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Scottish teachers 'under attack' on pay, says NASUWT

Scottish members of the NASUWT condemned the deal on teachers' pay and conditions

Scottish members of the NASUWT condemned the deal on teachers' pay and conditions

Scottish members of the NASUWT condemned the deal on teachers' pay and conditions, proposed by council leaders and the Scottish Government, at the union's annual UK conference in Glasgow last weekend.

It was "a full-scale assault on each teacher in Scotland, regardless of age, gender or sector", said Scottish executive council member Linda Gray.

She attacked the EIS union for changing its stance and now recommending support, adding that teachers needed security.

Committee member Victor Topping called for teachers' conditions of service to be made statutory as trust in Cosla (the local authority umbrella group), the Scottish Government and the Scottish Negotiating Committee for Teachers had been lost.

The direst warning came from their colleague Musaffer Hussain, who told the conference: "We are only a stone's throw from being like the Upper Clyde shipbuilders. The spawn of Thatcher say we are `in it together' and Bill and Ben have been reincarnated to run the country."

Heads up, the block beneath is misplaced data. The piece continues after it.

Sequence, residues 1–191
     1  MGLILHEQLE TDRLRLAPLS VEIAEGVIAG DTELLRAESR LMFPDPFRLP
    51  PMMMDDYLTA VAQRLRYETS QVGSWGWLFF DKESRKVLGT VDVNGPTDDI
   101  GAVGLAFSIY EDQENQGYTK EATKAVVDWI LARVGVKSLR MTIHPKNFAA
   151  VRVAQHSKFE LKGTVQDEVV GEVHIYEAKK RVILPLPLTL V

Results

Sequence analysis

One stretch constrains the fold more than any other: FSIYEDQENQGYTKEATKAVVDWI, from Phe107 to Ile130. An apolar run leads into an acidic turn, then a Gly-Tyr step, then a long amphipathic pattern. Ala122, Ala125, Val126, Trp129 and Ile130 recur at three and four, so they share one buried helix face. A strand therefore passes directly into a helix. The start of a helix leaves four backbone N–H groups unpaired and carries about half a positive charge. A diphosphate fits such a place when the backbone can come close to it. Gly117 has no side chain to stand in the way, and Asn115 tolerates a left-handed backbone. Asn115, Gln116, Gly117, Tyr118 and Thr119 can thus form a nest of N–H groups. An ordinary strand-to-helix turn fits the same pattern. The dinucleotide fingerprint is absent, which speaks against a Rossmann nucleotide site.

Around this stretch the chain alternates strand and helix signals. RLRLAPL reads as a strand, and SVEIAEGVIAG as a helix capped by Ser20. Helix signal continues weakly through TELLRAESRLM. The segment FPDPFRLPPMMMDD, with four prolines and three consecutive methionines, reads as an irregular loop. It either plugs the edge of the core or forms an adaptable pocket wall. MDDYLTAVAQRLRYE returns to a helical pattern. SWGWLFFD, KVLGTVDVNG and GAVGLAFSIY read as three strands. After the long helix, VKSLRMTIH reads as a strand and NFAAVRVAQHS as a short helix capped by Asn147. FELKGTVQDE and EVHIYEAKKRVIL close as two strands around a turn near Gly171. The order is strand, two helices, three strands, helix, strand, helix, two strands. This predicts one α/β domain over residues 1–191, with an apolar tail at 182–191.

NASUWT general secretary Chris Keates said that while Scotland had previously led the way in the UK for teachers' pay and conditions and training, it was now the region being attacked first.

The conference also heard claims that newly-qualified teachers stood to lose almost pound;3,000 a year, due to cuts to the public sector by the UK Government.

A first-year teacher in England earned pound;21,588, but after a 1 per cent rise in national insurance, rising inflation and increased pension contributions, new entrants would lose pound;2,924 a year, claimed the union.

Ms Keates compared new teachers' pay to the pound;40,000 starting salary of someone on the graduate development programme with the Aldi supermarket chain, citing High Fliers research.

"Why would someone choose teaching when they can earn double by working in a supermarket?" she said.

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